Hon Judi Moylan

WA wheat growers say retain single desk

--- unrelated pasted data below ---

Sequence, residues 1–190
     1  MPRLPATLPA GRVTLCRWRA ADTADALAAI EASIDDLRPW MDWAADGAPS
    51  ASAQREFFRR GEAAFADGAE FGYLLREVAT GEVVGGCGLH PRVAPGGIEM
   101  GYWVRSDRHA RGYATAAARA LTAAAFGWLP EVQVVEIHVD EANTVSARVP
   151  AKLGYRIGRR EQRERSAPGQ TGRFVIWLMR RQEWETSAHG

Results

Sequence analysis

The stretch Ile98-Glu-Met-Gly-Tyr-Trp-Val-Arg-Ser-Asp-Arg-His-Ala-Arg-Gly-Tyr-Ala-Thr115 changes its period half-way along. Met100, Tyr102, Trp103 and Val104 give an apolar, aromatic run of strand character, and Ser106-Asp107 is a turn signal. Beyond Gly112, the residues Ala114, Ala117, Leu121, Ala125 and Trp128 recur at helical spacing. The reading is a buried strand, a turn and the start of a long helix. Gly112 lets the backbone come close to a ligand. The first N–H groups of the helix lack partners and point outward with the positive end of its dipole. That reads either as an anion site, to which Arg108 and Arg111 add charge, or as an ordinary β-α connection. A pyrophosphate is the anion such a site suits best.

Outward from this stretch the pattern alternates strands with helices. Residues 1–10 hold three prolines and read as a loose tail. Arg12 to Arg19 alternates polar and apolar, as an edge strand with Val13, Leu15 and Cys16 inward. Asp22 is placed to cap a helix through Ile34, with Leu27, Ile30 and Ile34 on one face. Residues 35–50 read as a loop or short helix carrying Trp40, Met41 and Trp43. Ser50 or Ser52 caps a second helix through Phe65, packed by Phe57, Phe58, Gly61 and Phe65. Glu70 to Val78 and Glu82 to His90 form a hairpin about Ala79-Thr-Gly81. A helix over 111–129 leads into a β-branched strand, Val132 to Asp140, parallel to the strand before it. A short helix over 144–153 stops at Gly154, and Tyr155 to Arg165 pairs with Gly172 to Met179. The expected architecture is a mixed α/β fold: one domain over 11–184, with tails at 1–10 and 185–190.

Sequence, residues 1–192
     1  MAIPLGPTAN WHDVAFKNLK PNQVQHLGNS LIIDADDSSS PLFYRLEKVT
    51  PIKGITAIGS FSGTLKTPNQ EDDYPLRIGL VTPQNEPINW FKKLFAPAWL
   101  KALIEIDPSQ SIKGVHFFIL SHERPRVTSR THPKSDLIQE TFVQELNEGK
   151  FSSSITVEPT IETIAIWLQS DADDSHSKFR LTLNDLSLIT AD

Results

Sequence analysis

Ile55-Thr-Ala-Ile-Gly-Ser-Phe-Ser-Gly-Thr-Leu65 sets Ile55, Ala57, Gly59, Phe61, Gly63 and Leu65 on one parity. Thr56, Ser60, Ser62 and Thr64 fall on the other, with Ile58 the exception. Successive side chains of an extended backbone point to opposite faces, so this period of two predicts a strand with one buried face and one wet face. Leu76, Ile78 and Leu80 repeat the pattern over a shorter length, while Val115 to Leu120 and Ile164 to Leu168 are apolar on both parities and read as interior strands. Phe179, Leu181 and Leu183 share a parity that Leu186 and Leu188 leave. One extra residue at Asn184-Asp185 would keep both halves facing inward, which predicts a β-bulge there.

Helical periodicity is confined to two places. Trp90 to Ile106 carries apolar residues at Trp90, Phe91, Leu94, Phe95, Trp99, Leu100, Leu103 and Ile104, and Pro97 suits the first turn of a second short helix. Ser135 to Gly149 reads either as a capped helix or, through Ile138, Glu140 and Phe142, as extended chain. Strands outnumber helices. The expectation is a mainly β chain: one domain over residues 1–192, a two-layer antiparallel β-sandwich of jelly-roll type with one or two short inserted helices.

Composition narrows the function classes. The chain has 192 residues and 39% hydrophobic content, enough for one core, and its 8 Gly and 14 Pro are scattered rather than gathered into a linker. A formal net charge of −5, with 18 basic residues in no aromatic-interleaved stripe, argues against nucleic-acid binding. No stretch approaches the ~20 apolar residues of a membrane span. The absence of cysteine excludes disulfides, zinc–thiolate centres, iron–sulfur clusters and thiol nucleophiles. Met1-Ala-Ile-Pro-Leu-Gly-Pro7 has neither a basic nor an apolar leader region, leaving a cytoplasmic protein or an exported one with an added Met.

More than 300 hundred growers throughout the Wheatbelt travelled to the town of Beverley on Monday night, to directly question AWBI representatives about the future of wheat marketing in Australia and the single desk. Growers wanted to make it clear that those who say they are warehousing their wheat because they don’t want to sell to AWB, are wrong. Growers are warehousing their wheat due to the uncertainty. If licences are given for large quantities of wheat to be sold outside the national pool, those who have delivered to the pool will pay a disproportionate share of the costs. Deliveries to the pool will be lower this year due to the drought without further diminishing the pool by issuing licences beyond what have been issued in previous years. A large number of growers indicated that they intended delivering to the AWB, notwithstanding the uncertainty. Wheat growers expressed their concerns about the possible deregulation of the single desk and put forward a near unanimous motion to be forwarded to the Minister for Agriculture, Fisheries and Forestry Hon Peter McGauran MP. The motion sought a commitment from Government not to deregulate the industry nor approve separate licences for the export of wheat during the 2006-07 harvest. Ms Moylan attended the meeting, following up with a letter to the Prime Minister and Minister McGauran outlining the key issues raised by growers. “It appears from meetings held in WA that an overwhelming majority of WA growers want the national pool to be retained,” says Ms Moylan. “Wheat growers made an investment decision about 12 months ago, prior to the Cole Royal Commission Inquiry, to plant a wheat crop expecting that it would be marketed through the national pool,” Ms Moylan said. The national pool, hedges or locks in prices in the international market to protect those who deliver wheat to the pool against price fluctuations. They also take out foreign policy protection to safeguard against fluctuations of the Australian dollar. “Changing the rules at the eleventh hour of harvest, disadvantages the majority of growers. It creates more uncertainty and financial instability.” While the disappointment and anger at the actions of some in AWB is understandable it is important to keep a clear head. AWB is a corporate entity capable of recovering its position as the premier marketer of wheat. “The Cole Inquiry has recommended that the actions of several former AWB employees be investigated and the full force of the law should be brought to bear if they are found guilty.” During the banking scandal several years ago, one of the nation’s major banks was not disbanded nor did it lose its banking licence because of breaches of the banking regulations. Those responsible were prosecuted and sent to jail. AWB has marketed wheat for about 60 years to over 100 countries, investing millions of dollars of wheat growers’ funds in securing and retaining international markets for Australian wheat. Ms Moylan says it is in the public interest to retain vital international markets which are volatile. “This is critical to Australian growers as the international grain market is distorted due to a high level of subsidy to United States and European Union growers. “The AWB pool provides premiums to Australian growers, accepts all Australian-grown wheat if it meets health standards and growers are paid according to the quality of the grain they deliver. “By allowing large quantities of wheat to bypass the national pool, growers who have already committed to the national pool will be severely disadvantaged. “It is probable that new applicants will ‘cherry pick’ grain to suit their needs, leaving the AWB with whatever is left. This would compromise the integrity of the single desk.” AWB has had to hedge prices well forward of the harvest to retain markets for future years. This has been made more difficult by the reduced yields as a result of the severe drought. “Granting new licences would prove to be a short-term solution, which in the long-run would have detrimental effects on the industry.” At the Beverley meeting Ms Moylan continued to urge farmers to have their say on the future of wheat marketing, as part of the three-month consultation process announced by the Prime Minister. Similar meetings to that in Beverley have been held in rural parts of the State and are currently taking place throughout the country, with attendances well into the hundreds at each forum. “The message is unequivocal: the majority of growers want the national pool to be retained.”

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